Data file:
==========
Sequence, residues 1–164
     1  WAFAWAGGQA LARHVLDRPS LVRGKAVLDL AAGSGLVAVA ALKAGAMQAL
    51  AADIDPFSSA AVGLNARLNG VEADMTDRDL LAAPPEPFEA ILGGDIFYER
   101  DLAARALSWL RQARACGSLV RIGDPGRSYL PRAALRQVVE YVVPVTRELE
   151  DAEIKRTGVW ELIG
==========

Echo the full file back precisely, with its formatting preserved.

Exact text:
Sequence, residues 1–164
     1  WAFAWAGGQA LARHVLDRPS LVRGKAVLDL AAGSGLVAVA ALKAGAMQAL
    51  AADIDPFSSA AVGLNARLNG VEADMTDRDL LAAPPEPFEA ILGGDIFYER
   101  DLAARALSWL RQARACGSLV RIGDPGRSYL PRAALRQVVE YVVPVTRELE
   151  DAEIKRTGVW ELIG